Friday, May 22, 2015

- In a pickle: Taking a second pass at the dye trials

I decided to do some re-dyeing using cloth from the less-than-wonderful results of my earlier dye trials (I did keep all six of the lichen and onion trials, along with one alum-mordanted Salvia amistad), So seven new bundles for good luck: 
  • Mountain pinks (I think) from the floodplain
  • Twin-leaf senna ditto
  • Mexican hats aka Thimbleflowers with dark burgundy and yellow petals from the side yard (bundled in what I think was the alum-mordanted red cabbage cloth from the previous trial)
  • A second Mexican hats bundle with yellow petals only
  • Lantana and Indian blankets from the floodplain and garden (mixed together)
  • Arugula stems with coffee grounds (fished out of the compost bowl)
  • Mealy blue sage (reapplied to the previous alum-mordanted mealy blue trial)
All wrapped in copper wire and steeped in a copper pot for half an hour with alum, vinegar and water (aka pickle juice) ...


Then, four more bundles added later, because there were still some other pieces of cloth that weren't all that great ...
  • Dried rosemary (from a spice jar that I think came with us from Virginia six years ago)
  • An unidentified woody floodplain herb (probably a weed, but I love the resinous scent ... later identified as Prairie Te)
  • One whole prickly pear flower (which I discovered has spines ... ouch)
  • And uh ... something else ... oh, now I remember ... large pieces of windfall lichen (I've used smaller bits in the past, but the recent rains have gifted me with several lichens over 1" in diameter)
All four were re-bundled in the bungled steel wire dye trials, re-wrapped in steel wire and put in the copper pot, which was then rewarmed on a hot plate for 20 minutes or so. A few hours later, because I couldn't leave well enough alone, I tipped all the bundles upright, left them overnight, then found them looking like this in the morning ...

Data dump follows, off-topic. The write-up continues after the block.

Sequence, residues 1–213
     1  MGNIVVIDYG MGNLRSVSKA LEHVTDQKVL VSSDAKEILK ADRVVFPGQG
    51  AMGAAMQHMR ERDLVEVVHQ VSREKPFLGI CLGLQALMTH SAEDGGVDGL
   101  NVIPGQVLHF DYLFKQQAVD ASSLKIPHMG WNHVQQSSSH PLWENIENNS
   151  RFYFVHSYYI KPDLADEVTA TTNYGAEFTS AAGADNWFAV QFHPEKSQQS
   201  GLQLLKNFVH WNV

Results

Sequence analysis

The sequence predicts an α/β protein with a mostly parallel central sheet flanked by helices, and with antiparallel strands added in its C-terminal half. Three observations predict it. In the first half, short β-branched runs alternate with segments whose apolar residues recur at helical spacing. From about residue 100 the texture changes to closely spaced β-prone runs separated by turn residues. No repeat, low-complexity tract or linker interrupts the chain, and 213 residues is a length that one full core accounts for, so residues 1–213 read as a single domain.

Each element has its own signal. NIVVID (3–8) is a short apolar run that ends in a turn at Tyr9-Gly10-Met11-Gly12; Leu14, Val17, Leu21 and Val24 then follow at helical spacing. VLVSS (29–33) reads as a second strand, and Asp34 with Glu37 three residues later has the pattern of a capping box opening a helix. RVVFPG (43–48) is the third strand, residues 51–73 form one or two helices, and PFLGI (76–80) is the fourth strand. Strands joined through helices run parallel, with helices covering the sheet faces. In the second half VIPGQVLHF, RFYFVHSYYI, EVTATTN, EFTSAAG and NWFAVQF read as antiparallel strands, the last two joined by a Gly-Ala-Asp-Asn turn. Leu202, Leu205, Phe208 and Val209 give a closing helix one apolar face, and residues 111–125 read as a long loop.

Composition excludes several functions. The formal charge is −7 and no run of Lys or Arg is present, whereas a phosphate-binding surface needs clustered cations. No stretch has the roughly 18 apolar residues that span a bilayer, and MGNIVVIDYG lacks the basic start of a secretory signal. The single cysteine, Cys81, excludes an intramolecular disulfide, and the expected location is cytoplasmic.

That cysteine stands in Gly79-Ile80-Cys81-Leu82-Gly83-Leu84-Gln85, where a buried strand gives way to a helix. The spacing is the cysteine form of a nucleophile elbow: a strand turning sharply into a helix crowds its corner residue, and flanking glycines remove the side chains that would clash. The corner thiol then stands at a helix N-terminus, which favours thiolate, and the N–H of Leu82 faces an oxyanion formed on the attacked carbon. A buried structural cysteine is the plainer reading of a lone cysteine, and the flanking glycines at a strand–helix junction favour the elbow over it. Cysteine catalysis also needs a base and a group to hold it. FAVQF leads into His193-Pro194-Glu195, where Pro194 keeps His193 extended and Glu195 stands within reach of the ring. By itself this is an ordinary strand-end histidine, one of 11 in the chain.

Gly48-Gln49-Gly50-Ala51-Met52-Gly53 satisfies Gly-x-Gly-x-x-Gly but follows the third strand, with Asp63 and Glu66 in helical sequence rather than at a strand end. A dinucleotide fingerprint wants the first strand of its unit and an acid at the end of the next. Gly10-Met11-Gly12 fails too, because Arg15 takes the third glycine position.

Most (but not all) were labelled with a sepia Pitt pen before being rolled up ... it should be interesting to see if it survives the dye pot. Also, all the dyestuffs were laid out and folded as they were here, but at right angles to the previous dye trials, fold lines from which were still visible in varying degrees of faded-ness. I was hoping to get a nine-patch effect, but at this point I'm sort of disappointed to see that there isn't much happening along the fold lines.

Now the question is, how long to wait ...

6 comments:

Marti said...

Good color seems to be coming through already on some of the upper cloths. Re the fold lines, the longer a cloth is held bundled, for me, the longer, the fold lines. How long to wait is always such a challenge;sometimes when I have multiple bundles, I satisfy my itch to reveal by undoing just one...

grace Forrest~Maestas said...

as long as you can Stand it...!!!!!!

Liz Ackert said...

Well, that won't be long. Darned if I couldn't use a road trip right now

Liz Ackert said...

I'm actually wondering if I can move things along in the oven since there's no sun today ... but probably not a great idea (sigh)

ARTISUN said...

Oh my gosh, they look so good already!!

Liz Ackert said...

I ended up being too picky about the results ... still learning how to make lemonade